Digilent Robotics Kit
Motor/Gearbox with encoder
Cerebot 32MX4 with Pmod
Cerebot extension cable
Collection of Pmods
Tiny joystick Pmod
I usually save the interesting dev kits for a holiday when I have a chance to really play with them. This is why I was looking forward to checking out Digilent's latest kit from its Mechatronics collection. The Digilent Robotics Kit (Fig. 1) comes in a number of variants including a remote control version and a line following version.
The kits utilize Digilent's Cerebot 32MX4 (see Low-Cost Kits Make Evaluation Faster). All the components are available separately like the Motor/Gearbox with encoder (Fig. 2). The robot uses a pair of these plus a stub to provide balance. This tripod approach to robots is quite common and works for lightweight machines like this. It is possible to add another pair of wheels since both the motherboard and frame can accomodate the addition. Most other robot kits would not be as amenable to such changes. On the other hand, a four wheeled vehicle is more difficult to move accurately.
The key to expansion is the fleibility of the Cerebot 32MX4 using Pmods (Fig. 3). In this case, the H-bridge PMod has inputs for the encoders on the motor/gearbox drive. This Pmod plugs into the motherboard for control and accepts a power cable to drive the motors.
The PMods can plug directly into the motherboard or they can be located farther away using a Cerebot extension cable (Fig. 4). There are wide range of Pmods (Fig. 5) available from Digilent. These include everything from SD card interfaces to an SPI-based Ethernet adapter. Many are handy for robotics work like the tiny joystick Pmod (Fig. 6). The biggest problem I have with the Pmods is most do not have a mounting hole. This is not an issue for the robot where they are often moved but a more rugged mounting would be handy for other embedded projects.
The Cerebot 32MX4 is a nice platform for robots with plenty of expansion and support for servos. It works equally well for a wide range of embedded applications. The board contains an 80 MHz Microchip PIC32MX460F512L based on MIPS 32-bit architecture. It has 512 Kbytes of flash and 32 Kbytes of RAM. On the analog side is a 16 channel, 10-bit, 500 K sample/s A/D converter. The fve 16-bit timers have 5 input capture ports and 5 PWM outputs. The board exposes the following ports.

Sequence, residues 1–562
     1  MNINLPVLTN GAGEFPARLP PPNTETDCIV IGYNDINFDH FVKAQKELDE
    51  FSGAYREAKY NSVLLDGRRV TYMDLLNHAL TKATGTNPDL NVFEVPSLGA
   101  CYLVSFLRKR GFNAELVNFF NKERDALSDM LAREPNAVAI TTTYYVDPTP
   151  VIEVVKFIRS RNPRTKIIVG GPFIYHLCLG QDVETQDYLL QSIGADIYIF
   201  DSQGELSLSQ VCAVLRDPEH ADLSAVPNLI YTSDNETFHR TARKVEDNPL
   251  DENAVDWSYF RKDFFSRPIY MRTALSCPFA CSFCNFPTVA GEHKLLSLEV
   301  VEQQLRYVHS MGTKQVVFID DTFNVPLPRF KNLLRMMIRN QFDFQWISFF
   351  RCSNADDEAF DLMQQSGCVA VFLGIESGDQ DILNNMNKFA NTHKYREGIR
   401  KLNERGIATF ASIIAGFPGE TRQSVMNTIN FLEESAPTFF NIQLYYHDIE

- 8 - 12-pin Pmod headers
- 1 - 6-pin Pmod header
- 8 - R/C servo connectors
- 1 - USB port
- 2 - SPI ports
- 2 - I2C ports
The board can be powered from the USB connection. The robotics kit includes a battery pack for self sustained operation. It also comes with an LCD display and interface Pmods.
Assembling the Robot
The kit includes the usual batch of brackets, motors, bolts and circuit boards. The motors and wheels are small but they rugged and accurate. I like Digilent's design compared to the Texas Instrument's Evalbot (see Transforming Circuit Board Into Robot) based on the latest 32-bit Stellaris Cortex-M3 microcontroller. Digitlent's approach is modular and expandable.
Assembling the robot is a matter of following the directions and bolting and wiring everything together. The design follows the typical small robot layout with the batteries and motors underneath and the circuit boards on top. Things get more interesting once everything it hooked up.
The documentation provides an introduction to the hardware and the software that includes Microchip's MPLAB IDE and 32-bit C compiler. MPLAB works with any of Microchip's platforms and provides excellent support for Diligent's robot. The IDE interfaces to the Cerebot board via a USB cable. Sample applications are provided and highlight the Pmod interface and the peripherals. Motor control is part of the mix.
What is missing from most of the kits are sensors like Parallax's PING))). The line following kit does use the infrared detector module. Luckily interfacing is easy using the Pmod interface and the peripheral support of the PIC32.
The Remote Control Kit version of the robot includes the joystick Pmod. This is connected to the robot by a long cable so the Pmod is essentially part of the robot. Wireless solutions are available but this particular implementation lets you follow the robot around and provides simple but immediate feedback.
The big issue comes once you have made it through all the tutorials. At this point you have a solid platform and a C compiler. This is one reason why the platform has done will in colleges where additional expertise is available. I like the kit's possiblities. The microcontroller is powerful and has lots of program space. Definitely check out Digilent's platform if you are looking for a more advanced robotics platform in a compact package.